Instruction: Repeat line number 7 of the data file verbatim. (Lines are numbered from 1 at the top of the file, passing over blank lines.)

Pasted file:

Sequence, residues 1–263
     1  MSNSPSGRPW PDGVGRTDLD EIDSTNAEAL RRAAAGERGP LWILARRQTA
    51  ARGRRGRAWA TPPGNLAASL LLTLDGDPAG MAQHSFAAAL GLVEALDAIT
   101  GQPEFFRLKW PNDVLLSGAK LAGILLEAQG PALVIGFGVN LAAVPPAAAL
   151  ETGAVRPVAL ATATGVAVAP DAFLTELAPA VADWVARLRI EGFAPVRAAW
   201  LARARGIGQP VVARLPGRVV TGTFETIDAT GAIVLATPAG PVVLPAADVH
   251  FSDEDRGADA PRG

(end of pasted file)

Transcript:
   251  FSDEDRGADA PRG